To attempt to overcome novelty and inventive step objections to “accessing device” claims, it is common to include an indirect or implicit reference to the functions of the server computing device. This can then lead to one or more clarity, novelty or inventive step objections. For example, the indirect features may trigger a clarity objection for not clearly specifying features of the “accessing device”. Alternatively, the indirect features may be ignored for novelty and/or inventive step, as they are deemed to present no inherent structural limitations for the “accessing device”.

When drafting claims to distributed systems, it is worth questioning the inventors to determine what functions may be implemented with low-level adaptations to the accessing device. If the invention can be embodied in an “app”, it is worth looking at the architecture of the app, and the sequence of low-level system calls it may be implementing. This may not be obvious to the inventors, as commercial and engineering demands often require as much functionality as possible to be embodied on the back-end in the cloud.


Mathematical Methods

The section on the examination of mathematical methods has been re-written and two sub-sections have been added. A first sub-section – 3.3.1 – now provides specific guidance for artificial intelligence and machine learning. A second sub-section – 3.3.2 – expands upon claims to simulation, design or modelling.

The updated guidance is now clearer on the importance of “technical means”, i.e. a concrete implementation in a field of technology, when an invention makes use of mathematical methods. This complements the recent changes to practice for “abstract inventions” in the United States.

I really like the updates to this section and the inclusion of helpful concrete examples. The section emphasises that a mathematical method or algorithm per se will not be enough to make a claim feature patentable, although many patentable inventions do have a mathematical or algorithmic basis.

Examples of the Fast Fourier Transform, geometric objects and graphs are provided: these features may contribute to the technical character of an invention if they contribute to producing a technical effect that serves a technical purpose. Put another way, these features need to be provided in a context that relates to an engineering problem encountered in the real-world, and the use of these features needs to result in a change in the real-world that helps solve that problem. This is further emphasised later in the guidance – the technical purpose of the mathematical features needs to be specific rather than generic, and the claim needs to be functionally limited to the technical purpose, either explicitly or implicitly.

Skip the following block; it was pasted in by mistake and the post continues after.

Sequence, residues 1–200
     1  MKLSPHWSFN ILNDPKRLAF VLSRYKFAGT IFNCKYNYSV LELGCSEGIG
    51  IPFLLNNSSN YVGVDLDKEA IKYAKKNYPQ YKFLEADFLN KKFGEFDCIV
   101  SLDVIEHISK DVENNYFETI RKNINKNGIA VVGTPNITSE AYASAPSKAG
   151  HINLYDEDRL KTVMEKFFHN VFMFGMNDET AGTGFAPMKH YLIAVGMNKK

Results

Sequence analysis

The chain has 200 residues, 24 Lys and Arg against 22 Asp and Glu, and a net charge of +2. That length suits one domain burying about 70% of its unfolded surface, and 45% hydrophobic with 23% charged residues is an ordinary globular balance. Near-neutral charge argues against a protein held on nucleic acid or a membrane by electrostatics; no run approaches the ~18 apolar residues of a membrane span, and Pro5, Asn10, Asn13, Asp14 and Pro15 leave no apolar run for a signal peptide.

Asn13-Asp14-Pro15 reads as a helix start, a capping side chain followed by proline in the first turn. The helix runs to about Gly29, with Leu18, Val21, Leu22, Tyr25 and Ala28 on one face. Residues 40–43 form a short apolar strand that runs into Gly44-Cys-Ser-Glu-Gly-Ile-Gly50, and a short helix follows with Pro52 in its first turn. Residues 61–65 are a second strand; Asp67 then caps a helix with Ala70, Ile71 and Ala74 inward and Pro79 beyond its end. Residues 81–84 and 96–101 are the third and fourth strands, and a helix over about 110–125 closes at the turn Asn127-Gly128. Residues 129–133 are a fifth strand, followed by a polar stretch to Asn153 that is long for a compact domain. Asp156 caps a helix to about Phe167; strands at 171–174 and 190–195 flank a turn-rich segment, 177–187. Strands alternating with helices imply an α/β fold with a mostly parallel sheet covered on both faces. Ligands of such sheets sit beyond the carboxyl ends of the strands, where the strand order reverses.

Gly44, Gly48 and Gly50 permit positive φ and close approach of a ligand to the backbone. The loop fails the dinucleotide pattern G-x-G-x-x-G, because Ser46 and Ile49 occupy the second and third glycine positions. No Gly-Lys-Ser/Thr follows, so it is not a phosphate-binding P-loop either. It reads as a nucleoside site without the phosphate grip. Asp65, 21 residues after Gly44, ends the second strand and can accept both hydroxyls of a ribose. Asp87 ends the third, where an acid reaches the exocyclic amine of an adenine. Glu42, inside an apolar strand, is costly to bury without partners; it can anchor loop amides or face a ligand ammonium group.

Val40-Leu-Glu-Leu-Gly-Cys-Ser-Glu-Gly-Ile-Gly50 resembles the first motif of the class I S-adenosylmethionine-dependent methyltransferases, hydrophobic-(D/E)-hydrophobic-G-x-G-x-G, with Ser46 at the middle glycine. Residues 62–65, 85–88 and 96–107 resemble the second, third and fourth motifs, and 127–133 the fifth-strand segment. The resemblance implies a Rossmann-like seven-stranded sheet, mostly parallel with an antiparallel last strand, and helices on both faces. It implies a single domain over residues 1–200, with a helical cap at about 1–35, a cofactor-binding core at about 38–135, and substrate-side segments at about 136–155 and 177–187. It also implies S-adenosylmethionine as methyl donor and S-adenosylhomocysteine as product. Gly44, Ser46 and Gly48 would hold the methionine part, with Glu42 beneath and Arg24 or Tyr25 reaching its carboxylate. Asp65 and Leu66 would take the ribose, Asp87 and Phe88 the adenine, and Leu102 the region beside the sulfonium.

What kind of applications are seen by the European Patent Office to be “technical”? My personal definition is: does the application relate to something in the real-world that requires knowledge that is taught in an undergraduate engineering degree? If the answer is “yes”, then the application is “technical”. If the answer is “no”, then the application may not be “technical”.

Section 3.3 now provides a useful list of purposes that are deemed “technical”. These include:

  • controlling a specific machine or technical process, e.g. an X-ray apparatus or steel cooling;
  • using measurements to control a machine or technical process, e.g. using a compaction machine to achieve a desired material density;
  • digital audio/visual processing, this can be relatively high-level – detecting people is a provided example (but a clear relation to captured data is recommended);
  • processing speech data, e.g. to generate text (but processing text per se may not be technical);
  • encoding data, e.g. for transmission or storage;
  • cryptography;
  • load balancing;
  • generating higher-level measurements by processing data from physiological sensors or other medical diagnosis;
  • analysing DNA samples to provide a genotype estimate; and